• Toasted sesame seeds, to serve

Directions

  1. Heat the oven to 475°F with a rack in the middle position. Line a rimmed baking sheet with foil and mist with cooking spray.
  2. In a small bowl, stir together the hoisin, soy sauce, garlic and sesame oil. In a medium bowl, toss the broccoli with half of the hoisin mixture until evenly coated. Distribute in an even layer on the prepared baking sheet.
  3. Transfer the remaining hoisin mixture to the now-empty bowl, add the tofu and gently toss to coat. Place the tofu on the baking sheet, arranging it in a single layer, being sure that all the slices lay flat against the baking sheet.
  4. Roast the broccoli and tofu without stirring until the broccoli is charred and tender-crisp, about 25 minutes. Using a wide metal spatula, transfer to a platter. Sprinkle with sesame seeds.
  5. Optional garnish: Chopped fresh cilantro

http://www.lynnandruss.com

By Calvin Cox for Milk Street

Lebanese Baked Kafta with Potatoes and Tomatoes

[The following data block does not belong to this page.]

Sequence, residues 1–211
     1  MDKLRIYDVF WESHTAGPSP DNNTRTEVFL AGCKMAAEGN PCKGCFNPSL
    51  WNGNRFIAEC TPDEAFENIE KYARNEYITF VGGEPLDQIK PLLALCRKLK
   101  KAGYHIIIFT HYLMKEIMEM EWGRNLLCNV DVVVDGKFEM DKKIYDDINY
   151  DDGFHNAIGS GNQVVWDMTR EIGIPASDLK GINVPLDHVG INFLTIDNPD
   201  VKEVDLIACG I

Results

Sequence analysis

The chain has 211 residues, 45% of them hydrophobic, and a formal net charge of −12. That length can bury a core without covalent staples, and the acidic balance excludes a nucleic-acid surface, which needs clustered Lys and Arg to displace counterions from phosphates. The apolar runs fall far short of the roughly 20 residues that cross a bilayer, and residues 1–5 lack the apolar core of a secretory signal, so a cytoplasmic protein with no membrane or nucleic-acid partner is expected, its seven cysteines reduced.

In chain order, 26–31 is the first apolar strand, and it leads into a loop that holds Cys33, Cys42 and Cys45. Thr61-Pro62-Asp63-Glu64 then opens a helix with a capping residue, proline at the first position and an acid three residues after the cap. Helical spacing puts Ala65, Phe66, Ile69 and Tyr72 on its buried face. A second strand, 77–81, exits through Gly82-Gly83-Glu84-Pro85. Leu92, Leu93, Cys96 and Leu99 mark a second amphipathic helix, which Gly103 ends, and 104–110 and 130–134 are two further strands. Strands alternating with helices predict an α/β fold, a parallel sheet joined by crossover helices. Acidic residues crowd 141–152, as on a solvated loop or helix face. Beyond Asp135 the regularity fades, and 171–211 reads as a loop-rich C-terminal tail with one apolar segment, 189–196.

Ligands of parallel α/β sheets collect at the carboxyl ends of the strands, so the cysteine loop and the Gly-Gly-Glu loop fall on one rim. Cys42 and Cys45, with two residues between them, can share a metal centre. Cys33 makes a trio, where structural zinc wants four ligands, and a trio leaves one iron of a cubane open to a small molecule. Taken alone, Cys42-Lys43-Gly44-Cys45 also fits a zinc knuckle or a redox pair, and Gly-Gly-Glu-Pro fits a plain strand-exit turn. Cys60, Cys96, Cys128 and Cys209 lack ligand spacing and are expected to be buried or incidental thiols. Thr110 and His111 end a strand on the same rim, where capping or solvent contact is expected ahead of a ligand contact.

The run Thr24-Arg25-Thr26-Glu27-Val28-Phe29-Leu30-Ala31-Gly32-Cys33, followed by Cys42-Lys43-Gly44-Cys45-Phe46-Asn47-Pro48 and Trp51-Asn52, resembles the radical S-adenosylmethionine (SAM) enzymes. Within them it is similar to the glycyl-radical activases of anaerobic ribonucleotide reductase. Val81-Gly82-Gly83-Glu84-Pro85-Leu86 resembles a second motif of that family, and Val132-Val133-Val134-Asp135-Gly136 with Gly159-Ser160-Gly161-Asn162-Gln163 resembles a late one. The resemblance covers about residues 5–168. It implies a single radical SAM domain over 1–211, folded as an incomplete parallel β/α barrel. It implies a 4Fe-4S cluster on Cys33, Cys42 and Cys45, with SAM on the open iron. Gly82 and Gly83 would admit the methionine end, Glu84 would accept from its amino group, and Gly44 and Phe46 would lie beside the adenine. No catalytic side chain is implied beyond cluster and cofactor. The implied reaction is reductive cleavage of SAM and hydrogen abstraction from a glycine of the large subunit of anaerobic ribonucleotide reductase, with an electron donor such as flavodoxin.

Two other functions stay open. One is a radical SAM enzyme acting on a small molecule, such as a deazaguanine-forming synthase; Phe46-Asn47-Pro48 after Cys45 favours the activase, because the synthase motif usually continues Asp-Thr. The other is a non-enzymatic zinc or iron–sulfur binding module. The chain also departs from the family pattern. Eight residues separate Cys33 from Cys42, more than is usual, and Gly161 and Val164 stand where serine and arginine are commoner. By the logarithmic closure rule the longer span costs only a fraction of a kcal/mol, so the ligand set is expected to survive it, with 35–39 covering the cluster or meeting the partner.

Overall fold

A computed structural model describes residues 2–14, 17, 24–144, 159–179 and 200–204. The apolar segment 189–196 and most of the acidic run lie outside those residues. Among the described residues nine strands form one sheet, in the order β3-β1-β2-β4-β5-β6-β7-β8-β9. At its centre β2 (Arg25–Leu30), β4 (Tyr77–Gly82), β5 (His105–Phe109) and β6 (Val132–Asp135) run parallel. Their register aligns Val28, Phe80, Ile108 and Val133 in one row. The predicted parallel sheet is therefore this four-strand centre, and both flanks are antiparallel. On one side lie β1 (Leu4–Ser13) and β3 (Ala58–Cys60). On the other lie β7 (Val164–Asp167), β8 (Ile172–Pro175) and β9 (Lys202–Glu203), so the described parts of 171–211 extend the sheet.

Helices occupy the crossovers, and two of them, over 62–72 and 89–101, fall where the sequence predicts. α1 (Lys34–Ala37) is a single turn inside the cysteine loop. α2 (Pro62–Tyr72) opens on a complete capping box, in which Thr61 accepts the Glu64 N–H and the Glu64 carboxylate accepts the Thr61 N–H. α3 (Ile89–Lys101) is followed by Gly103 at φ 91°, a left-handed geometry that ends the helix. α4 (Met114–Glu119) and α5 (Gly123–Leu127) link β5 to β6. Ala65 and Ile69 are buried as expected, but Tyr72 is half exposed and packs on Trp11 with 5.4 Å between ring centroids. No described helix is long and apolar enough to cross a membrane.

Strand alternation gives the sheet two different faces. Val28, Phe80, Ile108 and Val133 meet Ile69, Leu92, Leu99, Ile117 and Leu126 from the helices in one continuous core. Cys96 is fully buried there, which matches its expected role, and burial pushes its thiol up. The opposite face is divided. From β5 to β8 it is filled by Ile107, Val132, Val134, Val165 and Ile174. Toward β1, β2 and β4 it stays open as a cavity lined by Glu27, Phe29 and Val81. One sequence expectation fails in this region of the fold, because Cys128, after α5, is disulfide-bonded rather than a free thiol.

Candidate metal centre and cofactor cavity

“It’s easy to see why kafta bil sanieh, a casserole, if you will, of sliced potatoes, rounds of tomatoes and flavorful kafta (seasoned meatballs or meat patties), is Lebanese comfort food. The ingredients are shingled into a baking dish and baked until the flavors meld and the textures become deliciously succulent and tender.”

This Milk Street rendition, based on a recipe from “The Palestinian Table” by Reem Kassis, starts with a simple no-cook tomato sauce in the bottom of the baking dish, where juices collect during baking and form a delicious sauce. To ensure the potatoes cook evenly and thoroughly, precook them by roasting them for about 10-15 minutes, enough time to begin making the kafta. If you are squeamish about lamb, use 80 percent lean ground beef instead. You can serve it with rice pilaf, but we did not.

I doubled the garlic, putting half of it in the meat mixture, the other half in the tomato sauce. To press the meat balls into 1/4″ thick discs, I used a flat-bottomed glass that was dipped into cool water between each smashing. Then I put the entire tray into the freezer for 10-15 minutes to firm up while the potatoes cooled. This made it easier for assembly.

Speaking of assembly, it helps to start with uniform sizes for the potatoes, tomatoes and peppers. In the end, there was not enough ingredients to make 3 full rows from front to back in the baking dish, but any left over slices of veggies were just positioned in the back. Unable to buy a small can of crushed tomatoes, we chose whole peeled tomatoes and crushed them with an immersion blender.